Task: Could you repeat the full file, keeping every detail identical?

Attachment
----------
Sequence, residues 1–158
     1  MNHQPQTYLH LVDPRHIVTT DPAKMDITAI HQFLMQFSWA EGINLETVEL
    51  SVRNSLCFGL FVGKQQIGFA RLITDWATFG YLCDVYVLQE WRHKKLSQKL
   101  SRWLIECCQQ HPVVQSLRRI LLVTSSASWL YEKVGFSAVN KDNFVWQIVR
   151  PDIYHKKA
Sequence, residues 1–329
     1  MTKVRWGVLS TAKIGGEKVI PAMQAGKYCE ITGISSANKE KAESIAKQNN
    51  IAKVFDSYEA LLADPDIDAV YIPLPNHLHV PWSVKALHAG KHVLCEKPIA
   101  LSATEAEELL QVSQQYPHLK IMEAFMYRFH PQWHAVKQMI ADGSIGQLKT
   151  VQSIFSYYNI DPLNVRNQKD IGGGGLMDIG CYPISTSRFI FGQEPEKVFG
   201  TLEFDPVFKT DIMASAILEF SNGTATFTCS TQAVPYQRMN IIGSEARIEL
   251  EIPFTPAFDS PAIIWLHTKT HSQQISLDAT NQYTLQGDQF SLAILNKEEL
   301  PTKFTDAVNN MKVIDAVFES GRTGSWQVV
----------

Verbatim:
Sequence, residues 1–158
     1  MNHQPQTYLH LVDPRHIVTT DPAKMDITAI HQFLMQFSWA EGINLETVEL
    51  SVRNSLCFGL FVGKQQIGFA RLITDWATFG YLCDVYVLQE WRHKKLSQKL
   101  SRWLIECCQQ HPVVQSLRRI LLVTSSASWL YEKVGFSAVN KDNFVWQIVR
   151  PDIYHKKA
Sequence, residues 1–329
     1  MTKVRWGVLS TAKIGGEKVI PAMQAGKYCE ITGISSANKE KAESIAKQNN
    51  IAKVFDSYEA LLADPDIDAV YIPLPNHLHV PWSVKALHAG KHVLCEKPIA
   101  LSATEAEELL QVSQQYPHLK IMEAFMYRFH PQWHAVKQMI ADGSIGQLKT
   151  VQSIFSYYNI DPLNVRNQKD IGGGGLMDIG CYPISTSRFI FGQEPEKVFG
   201  TLEFDPVFKT DIMASAILEF SNGTATFTCS TQAVPYQRMN IIGSEARIEL
   251  EIPFTPAFDS PAIIWLHTKT HSQQISLDAT NQYTLQGDQF SLAILNKEEL
   301  PTKFTDAVNN MKVIDAVFES GRTGSWQVV